ARTICLE

Layers of meaning: using double exposures to connect people and place

Canon Ambassador Aline Deschamps explains how blending portraits and urban landscapes enabled her to capture the strength and resilience of an Italian community.
A black and white double exposure of an elderly man in a hat and a cityscape of old stone buildings.

Canon Ambassador Aline Deschamps combined portraits of the residents of the Sassi district in Matera, Italy, with images of the ancient cave dwellings that the area is famous for. The unique stone structures, built on the bones of prehistoric settlements, provided a striking visual background. Taken on a Canon EOS 5D Mark IV with a Canon EF 24-70mm f/2.8L II USM lens. © Aline Deschamps

The story of those who inhabit the Sassi, a district in the Italian city of Matera, is one of resilience. The warren of stone dwellings dates from prehistoric times but in the early 20th century its inhabitants – mostly peasants and refugees – were living in extreme poverty. It became a national disgrace, and in the 1950s, thousands of residents were forcibly relocated; settlements were bricked up and the district was left to decay. The turnaround began in the 1990s, when the Sassi became a UNESCO World Heritage Site. Now tourism has injected new life into the area and the community has reformed.

In 2019, French-Thai documentary photographer Aline Deschamps was one of many photographers invited to Matera for a three-month artistic residency, sponsored by Canon. The opportunity to document the region's transformation resulted in her creating Fiore di resilencia, a double exposure project that combines urban scenes of faded structures and plants clinging to life in what looks to be an utterly inhospitable environment with soulful portraits of the area's inhabitants.

In one sense, Aline's layered photographic approach is a visual representation of the district's complex history. The project blends several photographic genres into one: portraiture, urban landscape and street photography. But for Aline, it all comes under a single umbrella. "In the end, I'm only doing one genre, which is documentary," she says. "Whether it's by posing someone, or capturing life on the street, I'm just telling the stories of these people."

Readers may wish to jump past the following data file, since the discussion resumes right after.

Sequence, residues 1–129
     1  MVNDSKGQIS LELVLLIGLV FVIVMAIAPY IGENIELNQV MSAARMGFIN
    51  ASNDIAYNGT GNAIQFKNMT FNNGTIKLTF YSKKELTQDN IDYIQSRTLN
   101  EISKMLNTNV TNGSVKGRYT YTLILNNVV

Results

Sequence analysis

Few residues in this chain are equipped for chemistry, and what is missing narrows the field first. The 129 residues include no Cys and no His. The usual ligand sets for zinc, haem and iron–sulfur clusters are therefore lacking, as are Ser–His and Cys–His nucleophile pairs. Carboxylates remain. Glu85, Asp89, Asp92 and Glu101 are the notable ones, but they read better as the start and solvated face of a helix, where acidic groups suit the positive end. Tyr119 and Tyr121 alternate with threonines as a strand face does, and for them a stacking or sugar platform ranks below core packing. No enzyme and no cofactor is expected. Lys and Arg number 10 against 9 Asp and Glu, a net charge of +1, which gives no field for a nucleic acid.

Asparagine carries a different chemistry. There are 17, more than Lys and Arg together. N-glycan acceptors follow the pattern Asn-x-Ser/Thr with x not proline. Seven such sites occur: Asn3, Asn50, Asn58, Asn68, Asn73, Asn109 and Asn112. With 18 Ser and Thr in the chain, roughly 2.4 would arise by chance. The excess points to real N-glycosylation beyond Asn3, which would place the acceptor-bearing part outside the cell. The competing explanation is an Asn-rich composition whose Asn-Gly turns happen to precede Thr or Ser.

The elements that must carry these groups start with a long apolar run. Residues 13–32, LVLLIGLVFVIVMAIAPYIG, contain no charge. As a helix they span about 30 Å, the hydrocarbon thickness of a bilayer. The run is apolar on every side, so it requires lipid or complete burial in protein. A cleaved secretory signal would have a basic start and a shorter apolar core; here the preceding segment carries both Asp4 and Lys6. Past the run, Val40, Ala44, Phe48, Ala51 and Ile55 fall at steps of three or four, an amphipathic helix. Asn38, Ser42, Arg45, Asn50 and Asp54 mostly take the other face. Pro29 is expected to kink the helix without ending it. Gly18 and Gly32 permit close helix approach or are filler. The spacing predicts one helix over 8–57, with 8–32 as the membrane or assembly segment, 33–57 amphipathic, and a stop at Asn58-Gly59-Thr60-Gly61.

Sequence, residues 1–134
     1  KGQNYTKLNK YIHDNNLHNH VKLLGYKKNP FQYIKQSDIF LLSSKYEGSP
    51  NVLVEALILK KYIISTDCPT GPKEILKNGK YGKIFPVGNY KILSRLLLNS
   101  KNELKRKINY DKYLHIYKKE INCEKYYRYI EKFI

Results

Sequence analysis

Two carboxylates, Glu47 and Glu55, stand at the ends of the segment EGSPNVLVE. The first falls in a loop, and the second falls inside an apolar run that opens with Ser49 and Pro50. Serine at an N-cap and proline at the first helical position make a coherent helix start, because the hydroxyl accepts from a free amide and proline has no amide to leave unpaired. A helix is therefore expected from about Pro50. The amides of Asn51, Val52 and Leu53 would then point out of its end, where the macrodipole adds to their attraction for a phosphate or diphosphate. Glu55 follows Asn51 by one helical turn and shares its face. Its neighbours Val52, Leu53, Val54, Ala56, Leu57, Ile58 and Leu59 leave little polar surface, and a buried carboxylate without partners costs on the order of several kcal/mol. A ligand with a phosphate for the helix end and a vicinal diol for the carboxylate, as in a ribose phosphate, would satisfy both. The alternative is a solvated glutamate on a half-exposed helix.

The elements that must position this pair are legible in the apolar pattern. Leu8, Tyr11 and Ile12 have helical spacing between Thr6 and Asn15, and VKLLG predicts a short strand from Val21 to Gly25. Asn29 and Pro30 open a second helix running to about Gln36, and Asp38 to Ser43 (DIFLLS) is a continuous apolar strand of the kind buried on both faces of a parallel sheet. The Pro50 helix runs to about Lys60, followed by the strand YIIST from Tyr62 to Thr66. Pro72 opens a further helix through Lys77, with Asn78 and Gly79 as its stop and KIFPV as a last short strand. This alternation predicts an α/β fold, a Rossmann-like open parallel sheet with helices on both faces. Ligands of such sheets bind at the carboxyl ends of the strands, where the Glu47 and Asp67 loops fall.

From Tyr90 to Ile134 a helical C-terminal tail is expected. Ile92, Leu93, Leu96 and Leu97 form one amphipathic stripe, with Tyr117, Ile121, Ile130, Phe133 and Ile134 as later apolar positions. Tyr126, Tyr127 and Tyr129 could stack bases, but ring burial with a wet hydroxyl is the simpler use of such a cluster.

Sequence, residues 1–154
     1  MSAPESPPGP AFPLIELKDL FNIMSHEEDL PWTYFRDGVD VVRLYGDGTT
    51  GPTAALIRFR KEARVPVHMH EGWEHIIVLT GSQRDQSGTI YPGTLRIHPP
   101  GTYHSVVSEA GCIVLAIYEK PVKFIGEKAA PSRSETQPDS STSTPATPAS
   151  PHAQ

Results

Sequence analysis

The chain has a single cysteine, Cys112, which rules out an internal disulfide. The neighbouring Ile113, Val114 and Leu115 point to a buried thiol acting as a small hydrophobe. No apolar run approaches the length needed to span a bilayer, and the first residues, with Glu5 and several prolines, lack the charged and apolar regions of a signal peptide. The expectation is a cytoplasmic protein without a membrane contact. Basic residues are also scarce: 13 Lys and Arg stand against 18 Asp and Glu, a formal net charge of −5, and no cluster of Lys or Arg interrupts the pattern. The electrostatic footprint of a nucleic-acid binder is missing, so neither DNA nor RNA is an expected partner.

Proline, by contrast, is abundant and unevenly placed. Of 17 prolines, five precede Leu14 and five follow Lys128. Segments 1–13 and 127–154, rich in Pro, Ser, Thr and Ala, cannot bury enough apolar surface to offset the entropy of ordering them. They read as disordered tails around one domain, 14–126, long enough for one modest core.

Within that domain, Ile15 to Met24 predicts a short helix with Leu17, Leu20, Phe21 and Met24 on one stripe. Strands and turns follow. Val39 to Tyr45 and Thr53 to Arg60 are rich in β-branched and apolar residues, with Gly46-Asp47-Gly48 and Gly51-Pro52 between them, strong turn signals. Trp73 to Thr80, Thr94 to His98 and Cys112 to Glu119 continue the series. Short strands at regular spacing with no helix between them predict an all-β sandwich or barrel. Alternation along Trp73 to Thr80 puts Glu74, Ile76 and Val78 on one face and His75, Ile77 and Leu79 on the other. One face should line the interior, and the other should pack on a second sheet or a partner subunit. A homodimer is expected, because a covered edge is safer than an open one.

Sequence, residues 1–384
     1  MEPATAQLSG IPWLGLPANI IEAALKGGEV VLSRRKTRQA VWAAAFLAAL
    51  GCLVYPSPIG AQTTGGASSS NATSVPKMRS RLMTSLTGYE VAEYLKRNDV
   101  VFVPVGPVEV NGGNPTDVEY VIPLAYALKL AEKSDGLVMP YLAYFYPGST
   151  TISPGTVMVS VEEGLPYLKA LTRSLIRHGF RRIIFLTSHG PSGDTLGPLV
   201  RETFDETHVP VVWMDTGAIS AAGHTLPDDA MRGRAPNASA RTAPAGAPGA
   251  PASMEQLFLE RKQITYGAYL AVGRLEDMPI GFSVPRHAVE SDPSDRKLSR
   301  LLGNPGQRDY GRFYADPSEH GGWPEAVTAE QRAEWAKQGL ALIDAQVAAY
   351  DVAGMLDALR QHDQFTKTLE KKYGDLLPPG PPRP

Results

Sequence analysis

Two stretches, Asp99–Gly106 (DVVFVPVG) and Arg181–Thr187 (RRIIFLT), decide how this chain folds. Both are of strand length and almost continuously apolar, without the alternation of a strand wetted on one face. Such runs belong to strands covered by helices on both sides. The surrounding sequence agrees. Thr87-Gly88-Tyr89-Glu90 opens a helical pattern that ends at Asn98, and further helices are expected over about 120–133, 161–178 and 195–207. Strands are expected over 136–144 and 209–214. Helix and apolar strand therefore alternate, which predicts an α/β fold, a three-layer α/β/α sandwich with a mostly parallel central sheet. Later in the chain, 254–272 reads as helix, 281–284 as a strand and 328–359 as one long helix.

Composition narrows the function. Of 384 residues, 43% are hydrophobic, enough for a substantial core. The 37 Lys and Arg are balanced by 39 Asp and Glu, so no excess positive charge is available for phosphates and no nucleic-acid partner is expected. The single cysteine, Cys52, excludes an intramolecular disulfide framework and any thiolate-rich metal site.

Here, she shares five lessons she learned from using double exposures to document life in the Sassi.
A black and white double exposure of a man with a moustache and a stone archway covered in wild plants.

Plant life is abundant in the Sassi, despite the harsh conditions. "It's something that really strikes you when you walk through the area," says Aline. Taken on a Canon EOS 5D Mark IV with a Canon EF 50mm f/1.2L USM lens. © Aline Deschamps

A black and white double exposure of a seated man holding bunches of flowers and a field of wildflowers.

It's possible to create double exposures in-camera with the Canon EOS 5D Mark IV, but Aline used Adobe® Photoshop® Lightroom® to combine her images, adding or removing opacity with the Brush tool to create effects such as the path running through this subject's head. © Aline Deschamps

Know what you want your photographs to say

Aline's first double exposure project came about by accident, after she mistakenly mixed two rolls of travel film from Paris and Bangkok. The resulting series, Sérendipité, was exhibited at the Rencontres Photographiques du 10e in Paris, in 2016.